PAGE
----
|Year of offer||2019|
|Subject level||Undergraduate Level 3|
|Fees||Subject EFTSL, Level, Discipline & Census Date|
This subject introduces the basic methods of structural analysis and the design of simple structures which are built of reinforced concrete, steel, timber and masonry. A feature of this subject is the integration of the design and analytical skills in dealing with contemporary structures that have an effective blending of materials for achieving satisfactory performance and economy in construction.
This subject consolidates basic structural theory and design abilities that underpin further specialised studies in structural design in engineering masters programs. It also gives students some basic capabilities to seek work experience in the engineering profession.
Topics covered include: stress analysis in beams, deflection calculations using direct integration and virtual work methods, structural analyses of beams and frames by the force method, structural design of reinforced concrete beams and columns, structural design of steel beams, columns and ties, design of timber joists and masonry squat walls.
Intended learning outcomes
INTENDED LEARNING OUTCOMES (ILO)
On completion of this subject the student is expected to:
- Analyse stresses in beams due to combined axial, bending and torsional loads
- Calculate deflections in beams by numerical integration methods and unit load method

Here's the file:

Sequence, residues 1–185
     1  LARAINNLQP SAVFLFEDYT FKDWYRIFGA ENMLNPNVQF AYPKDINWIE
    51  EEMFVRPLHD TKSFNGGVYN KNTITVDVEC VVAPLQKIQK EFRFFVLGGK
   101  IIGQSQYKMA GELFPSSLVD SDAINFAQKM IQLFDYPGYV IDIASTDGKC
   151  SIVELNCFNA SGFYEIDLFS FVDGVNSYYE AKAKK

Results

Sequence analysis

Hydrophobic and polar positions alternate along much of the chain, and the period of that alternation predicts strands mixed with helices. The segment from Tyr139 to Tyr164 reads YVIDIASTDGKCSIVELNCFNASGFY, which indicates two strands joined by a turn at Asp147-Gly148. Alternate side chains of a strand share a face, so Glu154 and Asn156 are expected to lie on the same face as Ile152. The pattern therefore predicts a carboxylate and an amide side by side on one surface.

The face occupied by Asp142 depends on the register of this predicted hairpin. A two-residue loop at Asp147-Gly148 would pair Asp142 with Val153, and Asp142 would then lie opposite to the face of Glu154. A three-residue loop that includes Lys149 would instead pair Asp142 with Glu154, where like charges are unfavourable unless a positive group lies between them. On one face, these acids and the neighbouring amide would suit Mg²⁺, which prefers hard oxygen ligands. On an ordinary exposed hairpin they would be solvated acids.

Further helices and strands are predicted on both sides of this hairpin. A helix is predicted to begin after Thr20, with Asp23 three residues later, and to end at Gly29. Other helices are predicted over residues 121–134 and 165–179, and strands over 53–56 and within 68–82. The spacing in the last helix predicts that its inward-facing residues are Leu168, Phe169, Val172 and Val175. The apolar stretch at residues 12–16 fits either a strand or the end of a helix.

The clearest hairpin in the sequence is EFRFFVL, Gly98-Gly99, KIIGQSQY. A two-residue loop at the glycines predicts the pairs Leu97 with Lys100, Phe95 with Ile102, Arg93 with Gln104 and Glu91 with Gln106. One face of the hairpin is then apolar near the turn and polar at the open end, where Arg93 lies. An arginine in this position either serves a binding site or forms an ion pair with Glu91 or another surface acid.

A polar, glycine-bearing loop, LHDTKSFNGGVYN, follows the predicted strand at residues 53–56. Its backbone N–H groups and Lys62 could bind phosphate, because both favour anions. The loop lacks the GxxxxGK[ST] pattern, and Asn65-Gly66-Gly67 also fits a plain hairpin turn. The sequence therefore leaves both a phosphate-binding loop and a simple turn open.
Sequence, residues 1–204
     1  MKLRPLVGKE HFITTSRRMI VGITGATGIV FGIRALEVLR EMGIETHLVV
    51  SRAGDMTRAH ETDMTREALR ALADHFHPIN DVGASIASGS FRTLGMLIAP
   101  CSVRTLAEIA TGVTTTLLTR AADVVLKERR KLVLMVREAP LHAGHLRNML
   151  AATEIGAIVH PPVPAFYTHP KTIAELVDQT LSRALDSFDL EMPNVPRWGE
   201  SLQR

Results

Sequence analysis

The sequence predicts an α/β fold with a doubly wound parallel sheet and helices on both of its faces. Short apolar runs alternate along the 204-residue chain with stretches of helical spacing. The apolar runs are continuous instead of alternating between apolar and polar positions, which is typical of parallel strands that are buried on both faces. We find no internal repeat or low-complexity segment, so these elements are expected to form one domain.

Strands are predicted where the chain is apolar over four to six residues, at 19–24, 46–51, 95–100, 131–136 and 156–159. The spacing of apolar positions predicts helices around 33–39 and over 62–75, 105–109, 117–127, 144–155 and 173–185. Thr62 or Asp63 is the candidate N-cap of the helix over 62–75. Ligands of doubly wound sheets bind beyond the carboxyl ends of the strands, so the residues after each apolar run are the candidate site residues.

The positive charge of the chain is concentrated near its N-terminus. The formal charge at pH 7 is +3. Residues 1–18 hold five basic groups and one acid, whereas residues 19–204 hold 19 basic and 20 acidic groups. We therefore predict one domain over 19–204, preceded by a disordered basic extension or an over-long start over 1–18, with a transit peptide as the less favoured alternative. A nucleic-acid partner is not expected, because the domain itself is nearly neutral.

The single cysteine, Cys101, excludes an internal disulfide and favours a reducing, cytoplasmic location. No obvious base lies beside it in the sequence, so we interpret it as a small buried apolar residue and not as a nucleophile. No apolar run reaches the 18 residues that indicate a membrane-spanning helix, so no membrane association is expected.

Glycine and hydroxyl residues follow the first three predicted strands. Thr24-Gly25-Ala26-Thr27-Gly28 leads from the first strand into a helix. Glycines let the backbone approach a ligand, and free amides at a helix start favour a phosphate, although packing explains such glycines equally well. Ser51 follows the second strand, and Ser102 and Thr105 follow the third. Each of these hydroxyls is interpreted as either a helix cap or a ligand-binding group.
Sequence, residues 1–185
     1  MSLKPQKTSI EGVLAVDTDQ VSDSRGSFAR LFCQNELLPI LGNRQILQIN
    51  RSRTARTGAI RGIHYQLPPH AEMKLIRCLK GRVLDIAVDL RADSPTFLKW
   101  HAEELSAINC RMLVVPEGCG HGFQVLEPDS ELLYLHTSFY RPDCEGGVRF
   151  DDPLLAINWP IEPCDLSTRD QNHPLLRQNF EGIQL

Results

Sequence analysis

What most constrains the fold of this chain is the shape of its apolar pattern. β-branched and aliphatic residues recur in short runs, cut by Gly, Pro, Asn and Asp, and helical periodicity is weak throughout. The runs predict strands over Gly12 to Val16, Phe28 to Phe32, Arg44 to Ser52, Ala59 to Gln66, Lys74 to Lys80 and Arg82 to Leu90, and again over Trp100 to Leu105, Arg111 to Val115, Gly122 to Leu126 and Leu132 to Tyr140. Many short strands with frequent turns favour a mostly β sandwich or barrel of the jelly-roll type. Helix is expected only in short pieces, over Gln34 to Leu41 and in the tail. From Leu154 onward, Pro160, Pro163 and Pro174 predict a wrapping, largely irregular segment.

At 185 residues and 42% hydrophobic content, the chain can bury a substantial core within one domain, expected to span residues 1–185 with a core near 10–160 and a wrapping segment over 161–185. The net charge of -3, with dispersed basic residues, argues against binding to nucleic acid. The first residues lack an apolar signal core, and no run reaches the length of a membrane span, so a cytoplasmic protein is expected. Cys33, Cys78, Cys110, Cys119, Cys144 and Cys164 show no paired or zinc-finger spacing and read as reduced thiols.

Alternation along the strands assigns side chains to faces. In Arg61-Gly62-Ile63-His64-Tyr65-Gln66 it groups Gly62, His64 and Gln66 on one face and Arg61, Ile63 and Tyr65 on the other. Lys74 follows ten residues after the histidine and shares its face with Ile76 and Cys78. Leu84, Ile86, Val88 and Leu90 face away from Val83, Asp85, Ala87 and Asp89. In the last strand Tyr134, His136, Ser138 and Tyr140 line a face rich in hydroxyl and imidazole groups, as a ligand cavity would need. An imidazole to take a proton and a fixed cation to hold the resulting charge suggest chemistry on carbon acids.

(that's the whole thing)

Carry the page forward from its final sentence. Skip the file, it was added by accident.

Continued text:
- Calculate deflections in frames by unit load method
- Conduct stability analysis of simple systems including the buckling of columns and stress amplifications
- Analyse using the force method for solving indeterminate systems of beams and frames
- Design steel beams, columns and ties
- Design reinforced concrete one-way slabs, simple beams and compression-only columns, and basic detailing
- Design timber joists and masonry squat walls
- Design simple structural systems taking into account the design load cases.
Students successfully completing this subject should develop the following general skills:
- Ability to apply knowledge of science and engineering fundamentals
- Ability to undertake problem identification, formulation, and solution
- Ability to utilise a systems approach to complex problems and to design and operational performance
- Proficiency in engineering design
- Ability to conduct an engineering project
- Ability to communicate effectively, with the engineering team and with the community at large
- Ability to manage information and documentation
- Capacity for creativity and innovation
- Understanding of professional and ethical responsibilities, and commitment to them
- Ability to function effectively as an individual and in multidisciplinary and multicultural teams, as a team leader or manager as well as an effective team member
- Capacity for lifelong learning and professional development.
Eligibility and requirements
Successful completion of BOTH of the following subjects is required to enrol:
|Code||Name||Teaching period||Credit Points|
Note: ENGR20003 Engineering Materials may be taken concurrently
OR Admission to the MC-ENG Master of Engineering
Core participation requirements
The University of Melbourne is committed to providing students with reasonable adjustments to assessment and participation under the Disability Standards for Education (2005), and the Assessment and Results Policy (MPF1326). Students are expected to meet the core participation requirements for their course. These can be viewed under Entry and Participation Requirements for the course outlines in the Handbook.